Block reward mining companies in the United States might have to report to the Environmental Protection Agency (EPA) and the Department of Energy (DOE) soon. Four senators, Elizabeth Warren (D), Sheldon Whitehouse (D-RI), Edward J. Markey (D-MA), and Jeffrey A. Merkley (D-OR), and two members of Congress, Jared Huffman (D-CA 2nd District) and Rashida Tlaib (D-MI 13th Distict), have written a letter to the EPA and the DOE arguing that U.S. based mining operations should be required to report their emissions and energy use.
The six lawmakers wrote this letter after reaching out to seven block reward miners—Stronghold digital mining, Greenidge, Bit Digital (NASDAQ: BTBT), Bit Deer, Riot Blockchain (NASDAQ: RIOT), Marathon (NASDAQ: MARA), and BitFury—and learning about the locations of their facilities, their energy sources, and consumption, and the climate impacts associated with their production.
The outreach to the seven miners revealed that the seven companies had developed a total of over 1,045MW capacity for mining, and each of the miners had plans to significantly increase the size of their operations in the coming years. Three companies that provided clear data regarding their carbon emissions emitted a total of 1.6 million tons, equivalent to about 360,000 cars.
The lawmakers believe that these numbers are substantial, that they are harming the environment and local economies, and that there need to be reporting requirements in place to mitigate the negative externalities of block reward mining.
Although the request from the policymakers sounds like another attempt to constrict the blockchain and digital asset industry with regulation, requiring mining companies to report their energy usage and emissions would be a positive development for the industry. Many industries require their participants to report this information, so requesting block reward miners to do the same would align with global business practices.
“I believe it would be beneficial for every industry, not just miners, to report their emissions and energy usage,” said Bryan Daugherty, the Public Policy Director for BSV Blockchain.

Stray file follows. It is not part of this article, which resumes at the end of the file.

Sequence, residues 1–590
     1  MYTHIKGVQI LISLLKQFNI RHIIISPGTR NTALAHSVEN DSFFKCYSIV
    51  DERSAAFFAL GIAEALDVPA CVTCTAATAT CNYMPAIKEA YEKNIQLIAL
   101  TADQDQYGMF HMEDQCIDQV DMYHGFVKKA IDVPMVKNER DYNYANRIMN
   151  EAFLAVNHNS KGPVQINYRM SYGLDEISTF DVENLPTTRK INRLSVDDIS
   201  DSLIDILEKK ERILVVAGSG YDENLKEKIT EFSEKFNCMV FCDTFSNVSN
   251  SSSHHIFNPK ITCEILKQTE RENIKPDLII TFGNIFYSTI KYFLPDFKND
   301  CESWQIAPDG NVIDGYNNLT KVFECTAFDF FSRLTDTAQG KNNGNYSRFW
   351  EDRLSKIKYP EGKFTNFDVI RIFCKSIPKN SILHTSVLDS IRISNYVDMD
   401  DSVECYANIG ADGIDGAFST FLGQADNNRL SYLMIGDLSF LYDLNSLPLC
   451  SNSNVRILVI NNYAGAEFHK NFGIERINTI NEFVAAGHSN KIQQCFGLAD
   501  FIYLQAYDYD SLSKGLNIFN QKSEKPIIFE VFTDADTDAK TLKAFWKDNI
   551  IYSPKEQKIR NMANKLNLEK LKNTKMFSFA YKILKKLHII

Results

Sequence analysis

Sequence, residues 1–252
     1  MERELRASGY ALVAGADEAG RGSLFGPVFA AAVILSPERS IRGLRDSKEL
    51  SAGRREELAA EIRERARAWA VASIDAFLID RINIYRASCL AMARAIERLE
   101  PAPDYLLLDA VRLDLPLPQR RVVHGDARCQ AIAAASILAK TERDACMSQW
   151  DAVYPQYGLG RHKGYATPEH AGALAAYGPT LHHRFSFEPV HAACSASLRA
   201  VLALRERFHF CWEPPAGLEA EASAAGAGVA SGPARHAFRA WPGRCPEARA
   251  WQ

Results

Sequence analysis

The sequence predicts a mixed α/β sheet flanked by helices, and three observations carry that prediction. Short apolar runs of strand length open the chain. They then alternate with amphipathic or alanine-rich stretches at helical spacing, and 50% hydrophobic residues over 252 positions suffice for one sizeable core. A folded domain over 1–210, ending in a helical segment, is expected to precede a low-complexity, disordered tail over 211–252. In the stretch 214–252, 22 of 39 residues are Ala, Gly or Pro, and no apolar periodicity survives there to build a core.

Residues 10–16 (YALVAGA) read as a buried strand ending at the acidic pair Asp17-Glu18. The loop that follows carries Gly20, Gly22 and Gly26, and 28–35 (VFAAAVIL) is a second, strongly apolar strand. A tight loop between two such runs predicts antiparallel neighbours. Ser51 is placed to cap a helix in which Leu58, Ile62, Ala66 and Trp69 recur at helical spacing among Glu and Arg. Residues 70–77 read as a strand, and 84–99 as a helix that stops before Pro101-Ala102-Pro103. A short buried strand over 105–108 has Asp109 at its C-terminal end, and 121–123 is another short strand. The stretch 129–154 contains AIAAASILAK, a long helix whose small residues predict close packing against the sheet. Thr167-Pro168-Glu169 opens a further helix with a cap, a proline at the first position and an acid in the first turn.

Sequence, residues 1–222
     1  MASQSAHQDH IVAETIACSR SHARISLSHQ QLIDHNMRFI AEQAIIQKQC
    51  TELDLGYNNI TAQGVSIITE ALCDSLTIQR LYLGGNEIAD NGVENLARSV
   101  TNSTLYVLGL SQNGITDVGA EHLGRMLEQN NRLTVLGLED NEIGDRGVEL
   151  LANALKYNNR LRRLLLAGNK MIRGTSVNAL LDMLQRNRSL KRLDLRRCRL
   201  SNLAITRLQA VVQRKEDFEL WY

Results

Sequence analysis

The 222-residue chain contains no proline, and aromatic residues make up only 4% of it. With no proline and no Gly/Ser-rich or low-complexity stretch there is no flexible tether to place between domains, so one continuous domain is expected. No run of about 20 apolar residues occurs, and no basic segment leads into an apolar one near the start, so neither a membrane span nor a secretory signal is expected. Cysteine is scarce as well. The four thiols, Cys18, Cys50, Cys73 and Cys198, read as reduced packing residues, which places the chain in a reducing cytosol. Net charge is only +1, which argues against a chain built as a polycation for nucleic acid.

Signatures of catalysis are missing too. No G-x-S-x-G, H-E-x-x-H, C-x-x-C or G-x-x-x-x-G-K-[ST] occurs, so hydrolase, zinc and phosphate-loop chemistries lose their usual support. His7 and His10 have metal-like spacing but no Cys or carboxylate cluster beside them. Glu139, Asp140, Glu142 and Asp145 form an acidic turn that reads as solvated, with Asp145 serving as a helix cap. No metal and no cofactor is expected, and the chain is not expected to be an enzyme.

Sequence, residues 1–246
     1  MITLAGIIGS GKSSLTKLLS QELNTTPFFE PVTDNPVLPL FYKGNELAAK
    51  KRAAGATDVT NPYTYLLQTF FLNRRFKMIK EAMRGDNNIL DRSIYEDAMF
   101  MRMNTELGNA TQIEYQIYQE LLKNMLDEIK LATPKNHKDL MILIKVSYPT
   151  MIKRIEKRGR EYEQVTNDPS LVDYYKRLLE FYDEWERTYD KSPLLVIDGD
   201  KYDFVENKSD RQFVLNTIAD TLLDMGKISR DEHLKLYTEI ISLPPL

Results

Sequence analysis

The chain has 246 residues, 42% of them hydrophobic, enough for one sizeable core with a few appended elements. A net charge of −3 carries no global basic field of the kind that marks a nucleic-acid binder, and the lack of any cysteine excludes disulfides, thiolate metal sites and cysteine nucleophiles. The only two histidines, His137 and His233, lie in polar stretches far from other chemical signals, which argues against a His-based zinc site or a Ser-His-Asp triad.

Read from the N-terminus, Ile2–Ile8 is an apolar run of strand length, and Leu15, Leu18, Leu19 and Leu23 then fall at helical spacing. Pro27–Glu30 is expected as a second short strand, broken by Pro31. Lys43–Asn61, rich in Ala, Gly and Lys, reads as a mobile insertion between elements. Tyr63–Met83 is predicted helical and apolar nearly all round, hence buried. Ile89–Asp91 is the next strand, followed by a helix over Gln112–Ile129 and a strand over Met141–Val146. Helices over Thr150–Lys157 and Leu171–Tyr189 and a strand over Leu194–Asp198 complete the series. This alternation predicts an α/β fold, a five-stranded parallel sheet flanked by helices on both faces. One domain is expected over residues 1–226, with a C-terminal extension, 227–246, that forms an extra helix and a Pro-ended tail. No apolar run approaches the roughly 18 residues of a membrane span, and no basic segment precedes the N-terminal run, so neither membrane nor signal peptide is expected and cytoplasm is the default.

“Across the globe, there are various examples of energy rating systems such as ENERGY STAR here in the United States. This energy efficiency rating system was developed by the government to provide simple, credible, and unbiased information that consumers and businesses rely on to make well-informed decisions,” he added.
What should regulations look like?
Blockchain and digital asset market participants, as well as consumers, investors, and policymakers, have been pushing for more regulatory clarity and consumer protection in the various sectors of these industries. They want the industry to be viewed as legitimate and mature so that it can grow.
New policies and regulations are being welcomed, but industry participants do not want them to be draconian like the recent two-year moratorium placed on Proof-of-Work mining operations in New York state.
“The EPA and DOE should seek a balanced regulatory approach to increase legal clarity, improve transparency, provide security for investors, as well as categorize mining operations by the security and utility they provide, separating high volume blockchains maintained for data confidentiality, integrity, and availability, from those that serve unregulated ‘crypto’ markets that consume more energy than the utility they produce,” said Daugherty.
Where are the advocates?
Lobbying efforts against Proof-of-Work mining have been ramping up. Proof-of-Work critics claim that the amount of energy these operations consume is having a negative effect on the environment as well as the towns and cities where the mining facilities are located.
Many blockchain enthusiasts would say that these lobbyists and Proof-of-Work critics are the loud minority because a much larger group of businesses and individuals believe blockchain technologies and digital assets introduce more advantages than drawbacks into the world. However, this larger group is not receiving the same amount of media attention as the naysayers.
“The conversations are currently focused on financial protection of consumers from unregulated security offerings, wasteful use of blockchain resources, and the impact this has on the environment, rather than a healthy conversation centered on the improvements of confidentiality, integrity, and availability of data that a scalable and sustainable blockchain provides a nation,” said Daugherty.
“More focus should be placed upon the social and economic costs and benefits that mining operations have, especially for future utility, data security, energy utilization, and regional economic independence,” he added.
Watch: The BSV Global Blockchain Convention panel, Blockchain mining & energy innovation
New to Bitcoin? Check out CoinGeek’s Bitcoin for Beginners section, the ultimate resource guide to learn more about Bitcoin—as originally envisioned by Satoshi Nakamoto—and blockchain.